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Did you know that pets age faster than people and can be considered “seniors” at around 7 years of age? Just as our health care needs change as we age, your pet’s healthcare needs also change.
Nutritional needs, exercise habits, and many aspects of your pet’s daily routine can change as your pet ages. But how can you tell the difference between “normal” aging and a medical problem? As in humans, some health issues that affect older pets can begin with very subtle changes that may go unnoticed until the problem has become serious.
Regular wellness visits are important for every stage of your pet’s life, so keep your senior pet’s scheduled wellness appointments. The best way to help protect your pet as he or she ages is to understand the aging process in pets. We understand that process and can help you help your pet.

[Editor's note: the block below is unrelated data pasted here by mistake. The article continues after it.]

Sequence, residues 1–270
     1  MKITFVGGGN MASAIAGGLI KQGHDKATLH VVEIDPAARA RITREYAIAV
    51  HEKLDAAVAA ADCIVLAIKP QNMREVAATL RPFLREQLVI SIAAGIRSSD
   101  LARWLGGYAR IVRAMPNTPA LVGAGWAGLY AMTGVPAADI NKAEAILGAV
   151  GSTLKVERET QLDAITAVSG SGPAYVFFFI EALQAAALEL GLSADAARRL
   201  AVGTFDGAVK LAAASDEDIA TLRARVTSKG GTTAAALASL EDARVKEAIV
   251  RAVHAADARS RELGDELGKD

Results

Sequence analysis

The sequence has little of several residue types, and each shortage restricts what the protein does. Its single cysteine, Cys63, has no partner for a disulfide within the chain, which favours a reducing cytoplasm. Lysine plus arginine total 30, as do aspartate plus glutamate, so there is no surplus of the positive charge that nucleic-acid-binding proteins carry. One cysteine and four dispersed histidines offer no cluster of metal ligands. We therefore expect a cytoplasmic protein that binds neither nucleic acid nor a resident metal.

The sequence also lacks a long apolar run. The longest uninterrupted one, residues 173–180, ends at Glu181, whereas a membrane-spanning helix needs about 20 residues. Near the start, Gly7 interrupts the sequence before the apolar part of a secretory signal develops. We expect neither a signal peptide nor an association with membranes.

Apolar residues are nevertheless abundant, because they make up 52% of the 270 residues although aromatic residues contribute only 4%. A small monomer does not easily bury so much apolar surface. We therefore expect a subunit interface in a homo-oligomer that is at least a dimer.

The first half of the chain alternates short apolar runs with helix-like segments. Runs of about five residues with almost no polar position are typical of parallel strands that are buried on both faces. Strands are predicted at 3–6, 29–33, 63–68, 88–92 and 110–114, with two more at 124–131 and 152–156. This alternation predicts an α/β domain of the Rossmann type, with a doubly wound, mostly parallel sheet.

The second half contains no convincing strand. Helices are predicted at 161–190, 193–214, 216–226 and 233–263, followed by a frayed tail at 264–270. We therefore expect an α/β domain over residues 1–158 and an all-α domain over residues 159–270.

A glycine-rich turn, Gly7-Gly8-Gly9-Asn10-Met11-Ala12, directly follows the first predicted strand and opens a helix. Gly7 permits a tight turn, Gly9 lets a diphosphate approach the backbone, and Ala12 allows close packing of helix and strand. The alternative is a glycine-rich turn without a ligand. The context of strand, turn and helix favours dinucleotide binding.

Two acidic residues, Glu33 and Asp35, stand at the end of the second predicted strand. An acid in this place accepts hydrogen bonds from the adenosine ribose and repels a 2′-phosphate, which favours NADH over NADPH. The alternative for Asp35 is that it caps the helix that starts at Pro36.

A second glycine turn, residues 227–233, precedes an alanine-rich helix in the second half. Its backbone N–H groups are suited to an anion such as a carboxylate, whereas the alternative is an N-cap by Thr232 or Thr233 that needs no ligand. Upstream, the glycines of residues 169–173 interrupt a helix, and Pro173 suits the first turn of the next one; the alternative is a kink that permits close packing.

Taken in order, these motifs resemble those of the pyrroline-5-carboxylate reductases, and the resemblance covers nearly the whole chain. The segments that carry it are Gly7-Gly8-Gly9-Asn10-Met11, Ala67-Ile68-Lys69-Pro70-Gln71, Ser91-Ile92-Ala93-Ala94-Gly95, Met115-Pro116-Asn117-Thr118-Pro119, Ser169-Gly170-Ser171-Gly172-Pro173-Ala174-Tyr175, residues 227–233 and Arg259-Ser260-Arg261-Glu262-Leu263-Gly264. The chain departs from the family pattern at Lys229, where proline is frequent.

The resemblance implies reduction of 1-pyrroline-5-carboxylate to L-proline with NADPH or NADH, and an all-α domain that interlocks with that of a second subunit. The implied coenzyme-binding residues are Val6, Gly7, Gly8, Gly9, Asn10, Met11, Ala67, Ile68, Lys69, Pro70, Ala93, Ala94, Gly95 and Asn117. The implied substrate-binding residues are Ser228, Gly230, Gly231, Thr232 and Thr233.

Even if your senior pet is already being treated for a medical condition, treatment recommendations can change as a condition progresses. Sometimes medication dosages need to be adjusted, or medication may need to be changed. Routine wellness blood work and other routine diagnostic testing are important for senior pets because these tests allow us to evaluate how your pet’s health is either responding to current management strategies or changing with age.
Your senior pet’s wellness examination is also your chance to have us address any of your questions or concerns about your pet. We welcome your questions and encourage you to be involved in decisions regarding your pet’s healthcare.
Find your pet's real age by using this chart.
How can you help your pet live longer?
Four things are essential:
An extensive 14-year study conducted by the University of Pennsylvania concluded in 2002 that a calorie-restricted diet would result in a dog living an average of 1.8 years longer than the known typical dog's life span. For more interesting facts about our canine companions, be sure to visit WelcomeDogLovers.